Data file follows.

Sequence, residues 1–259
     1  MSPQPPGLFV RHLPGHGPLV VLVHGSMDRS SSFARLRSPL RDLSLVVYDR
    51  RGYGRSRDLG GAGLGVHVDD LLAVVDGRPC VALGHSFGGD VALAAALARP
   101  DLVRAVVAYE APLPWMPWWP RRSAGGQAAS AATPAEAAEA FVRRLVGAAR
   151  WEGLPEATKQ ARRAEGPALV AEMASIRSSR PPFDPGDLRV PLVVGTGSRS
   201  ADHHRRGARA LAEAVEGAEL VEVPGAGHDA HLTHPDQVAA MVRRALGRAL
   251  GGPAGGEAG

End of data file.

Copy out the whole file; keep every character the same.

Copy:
Sequence, residues 1–259
     1  MSPQPPGLFV RHLPGHGPLV VLVHGSMDRS SSFARLRSPL RDLSLVVYDR
    51  RGYGRSRDLG GAGLGVHVDD LLAVVDGRPC VALGHSFGGD VALAAALARP
   101  DLVRAVVAYE APLPWMPWWP RRSAGGQAAS AATPAEAAEA FVRRLVGAAR
   151  WEGLPEATKQ ARRAEGPALV AEMASIRSSR PPFDPGDLRV PLVVGTGSRS
   201  ADHHRRGARA LAEAVEGAEL VEVPGAGHDA HLTHPDQVAA MVRRALGRAL
   251  GGPAGGEAG